Speculators buy in after major central banks step in to rein in euro-zone debt crisis
Gold hit a 2-week high on Thursday as gains in equities and the euro prompted buying from speculators after major central banks took coordinated action to prevent the euro-zone debt crisis from igniting a global economic meltdown.
The US Federal Reserve, the European Central Bank and the central banks of Canada, Britain, Japan and Switzerland said they would lower the cost of existing dollar swap lines by 50 basis points from December 5, and arrange bilateral swaps to provide liquidity for other currencies.
Gold edged 0.1 percent down to $1,744.20 an ounce by 0650 GMT after climbing to $1,749.89 an ounce, its highest since Nov 17. Gold ended November with a 1.9-percent rise, the seventh month of gain so far this year, but it was still 9 percent below a lifetime high above $1,920 hit in September.
"Gold is up alongside other risk assets. Sentiments are positive after the central banks' action and the huge rally in Wall Street last night," said Ong Yi Ling, an analyst at Phillip Futures in Singapore.
"I would say the next level of resistance for gold will be the $1,800 level."
US gold was also steady at $1,744 an ounce after rallying nearly 2 percent on Wednesday.
Shares in Asia jumped to two-week highs on Thursday, building on strong global gains after the world's six major central banks moved to tame a liquidity crunch for European banks by providing cheaper dollar funding.
The euro's upside, however, may be capped by speculation the European Central Bank will cut rates aggressively at its December 8 policy meeting and perhaps venture into more bond buying, as Europe's debt crisis remained unresolved.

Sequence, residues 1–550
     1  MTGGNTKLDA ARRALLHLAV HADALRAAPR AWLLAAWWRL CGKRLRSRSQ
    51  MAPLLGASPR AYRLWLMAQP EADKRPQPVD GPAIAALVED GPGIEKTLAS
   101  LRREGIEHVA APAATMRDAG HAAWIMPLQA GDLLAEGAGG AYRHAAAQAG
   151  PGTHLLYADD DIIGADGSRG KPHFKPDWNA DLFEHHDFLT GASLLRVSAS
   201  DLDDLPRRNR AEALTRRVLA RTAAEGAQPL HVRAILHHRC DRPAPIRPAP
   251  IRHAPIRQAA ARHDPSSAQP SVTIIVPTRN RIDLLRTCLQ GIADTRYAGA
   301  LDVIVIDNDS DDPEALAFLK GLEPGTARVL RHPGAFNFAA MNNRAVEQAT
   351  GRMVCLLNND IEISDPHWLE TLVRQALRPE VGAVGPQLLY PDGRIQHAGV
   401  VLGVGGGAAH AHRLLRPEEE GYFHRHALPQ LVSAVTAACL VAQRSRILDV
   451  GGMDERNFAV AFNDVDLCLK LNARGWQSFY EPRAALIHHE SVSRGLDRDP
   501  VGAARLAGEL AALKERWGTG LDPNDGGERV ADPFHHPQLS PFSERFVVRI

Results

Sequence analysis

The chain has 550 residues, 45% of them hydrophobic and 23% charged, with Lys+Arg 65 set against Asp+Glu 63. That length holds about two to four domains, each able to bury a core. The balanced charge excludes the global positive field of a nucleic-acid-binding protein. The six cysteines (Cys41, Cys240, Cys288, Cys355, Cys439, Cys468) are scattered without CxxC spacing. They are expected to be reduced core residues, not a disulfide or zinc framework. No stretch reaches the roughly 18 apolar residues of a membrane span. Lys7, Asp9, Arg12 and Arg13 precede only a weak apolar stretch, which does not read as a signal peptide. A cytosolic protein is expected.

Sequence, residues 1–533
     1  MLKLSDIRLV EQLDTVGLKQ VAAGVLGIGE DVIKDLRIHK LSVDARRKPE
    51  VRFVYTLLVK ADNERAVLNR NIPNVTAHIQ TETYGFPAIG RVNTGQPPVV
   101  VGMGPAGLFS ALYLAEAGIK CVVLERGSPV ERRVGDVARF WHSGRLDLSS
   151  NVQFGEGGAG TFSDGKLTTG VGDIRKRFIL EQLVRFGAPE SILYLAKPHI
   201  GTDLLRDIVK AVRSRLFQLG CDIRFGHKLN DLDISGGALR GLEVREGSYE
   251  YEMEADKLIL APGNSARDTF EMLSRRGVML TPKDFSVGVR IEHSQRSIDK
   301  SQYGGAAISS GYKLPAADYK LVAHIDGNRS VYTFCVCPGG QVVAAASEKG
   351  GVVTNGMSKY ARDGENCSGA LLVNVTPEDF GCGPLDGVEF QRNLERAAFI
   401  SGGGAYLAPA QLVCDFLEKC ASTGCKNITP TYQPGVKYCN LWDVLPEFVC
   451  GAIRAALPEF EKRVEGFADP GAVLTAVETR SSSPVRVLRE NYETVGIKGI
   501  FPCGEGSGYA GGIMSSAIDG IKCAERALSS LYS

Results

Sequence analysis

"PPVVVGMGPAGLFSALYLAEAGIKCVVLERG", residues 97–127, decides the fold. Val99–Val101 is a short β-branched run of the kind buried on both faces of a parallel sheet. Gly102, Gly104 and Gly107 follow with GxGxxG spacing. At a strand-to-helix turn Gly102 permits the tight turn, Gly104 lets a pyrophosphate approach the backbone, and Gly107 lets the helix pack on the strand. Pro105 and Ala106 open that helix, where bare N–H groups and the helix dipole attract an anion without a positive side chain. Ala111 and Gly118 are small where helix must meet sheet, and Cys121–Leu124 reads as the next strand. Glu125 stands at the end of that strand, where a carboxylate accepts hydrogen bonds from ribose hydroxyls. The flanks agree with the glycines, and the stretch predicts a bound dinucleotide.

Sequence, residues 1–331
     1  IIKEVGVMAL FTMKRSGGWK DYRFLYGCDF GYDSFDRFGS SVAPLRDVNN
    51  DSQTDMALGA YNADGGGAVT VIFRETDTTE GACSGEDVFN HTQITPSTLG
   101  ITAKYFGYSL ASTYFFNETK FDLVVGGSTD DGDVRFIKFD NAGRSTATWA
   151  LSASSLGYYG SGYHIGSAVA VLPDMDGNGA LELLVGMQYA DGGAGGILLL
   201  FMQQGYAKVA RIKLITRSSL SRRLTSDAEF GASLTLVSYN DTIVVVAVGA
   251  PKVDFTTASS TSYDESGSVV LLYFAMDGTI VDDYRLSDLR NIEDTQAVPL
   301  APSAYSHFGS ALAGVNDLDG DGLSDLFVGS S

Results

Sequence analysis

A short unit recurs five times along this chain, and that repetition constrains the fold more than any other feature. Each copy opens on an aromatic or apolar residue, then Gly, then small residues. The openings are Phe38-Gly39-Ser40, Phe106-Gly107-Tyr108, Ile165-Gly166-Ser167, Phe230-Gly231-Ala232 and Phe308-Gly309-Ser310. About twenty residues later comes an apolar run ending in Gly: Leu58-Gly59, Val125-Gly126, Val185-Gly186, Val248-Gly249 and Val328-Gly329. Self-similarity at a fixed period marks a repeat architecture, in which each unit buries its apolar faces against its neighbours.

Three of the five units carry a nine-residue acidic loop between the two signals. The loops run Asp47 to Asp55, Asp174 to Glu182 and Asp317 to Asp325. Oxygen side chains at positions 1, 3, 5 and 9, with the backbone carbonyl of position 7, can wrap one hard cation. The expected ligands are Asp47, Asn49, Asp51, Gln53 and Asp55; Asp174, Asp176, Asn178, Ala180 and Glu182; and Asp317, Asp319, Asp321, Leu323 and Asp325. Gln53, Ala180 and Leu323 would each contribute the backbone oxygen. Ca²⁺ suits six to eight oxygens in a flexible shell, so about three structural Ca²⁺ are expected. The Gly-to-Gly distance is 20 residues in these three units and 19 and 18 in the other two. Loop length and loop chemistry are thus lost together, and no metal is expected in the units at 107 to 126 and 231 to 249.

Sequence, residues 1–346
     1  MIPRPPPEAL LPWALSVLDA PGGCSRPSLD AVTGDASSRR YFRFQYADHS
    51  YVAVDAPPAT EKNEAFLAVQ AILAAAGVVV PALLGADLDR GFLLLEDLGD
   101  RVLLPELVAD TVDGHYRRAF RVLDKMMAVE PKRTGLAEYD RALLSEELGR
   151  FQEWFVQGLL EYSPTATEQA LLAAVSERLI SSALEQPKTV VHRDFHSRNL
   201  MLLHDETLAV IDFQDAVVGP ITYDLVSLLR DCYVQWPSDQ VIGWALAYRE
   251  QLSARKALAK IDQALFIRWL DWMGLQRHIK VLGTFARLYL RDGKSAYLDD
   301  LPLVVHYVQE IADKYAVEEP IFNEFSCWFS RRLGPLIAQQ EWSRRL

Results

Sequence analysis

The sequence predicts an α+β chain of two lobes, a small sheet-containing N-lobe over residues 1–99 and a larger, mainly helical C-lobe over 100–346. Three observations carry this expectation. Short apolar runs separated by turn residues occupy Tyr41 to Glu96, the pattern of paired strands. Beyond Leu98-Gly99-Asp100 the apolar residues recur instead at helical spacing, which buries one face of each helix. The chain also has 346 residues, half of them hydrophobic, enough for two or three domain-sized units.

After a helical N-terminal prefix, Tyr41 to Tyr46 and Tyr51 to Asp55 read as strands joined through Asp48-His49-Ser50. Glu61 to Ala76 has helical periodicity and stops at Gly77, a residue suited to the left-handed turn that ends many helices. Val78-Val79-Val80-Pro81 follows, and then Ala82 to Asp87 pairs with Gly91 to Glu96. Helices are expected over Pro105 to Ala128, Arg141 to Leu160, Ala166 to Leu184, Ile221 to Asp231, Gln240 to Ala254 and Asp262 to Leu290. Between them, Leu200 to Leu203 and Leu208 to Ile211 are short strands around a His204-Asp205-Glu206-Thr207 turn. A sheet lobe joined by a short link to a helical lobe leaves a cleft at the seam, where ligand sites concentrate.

Gold tumbled to its weakest in nearly a month last week after declines in equities blamed on the debt crisis in Europe prompted investors to cash in on bullion to cover losses.
Although a rebound in equities helped restore gold's safe haven appeal, some retail investors remained cautious, while jewellers were likely to wait for prices to stabilize or fall from recent highs.
"I think people are still cautious. Each time gold tries to approach $1,800, then it falls down. I don't see buying from investors. There is only buying from speculators," said a dealer in Hong Kong.
"I don't think China will be buying gold at this level. They may come back to buy again if gold falls back to $1,700."
China's gold consumption will be around 750 tons this year, Albert Cheng, a managing director for the World Gold Council, told an industry conference in Shanghai on Thursday.
China's HSBC Purchasing Manager's Index dropped to a 32-month low in November, suggesting factory activity shrank in the face of softening demand both at home and abroad, a trend that may have triggered the country's first policy easing in nearly three years late on Wednesday.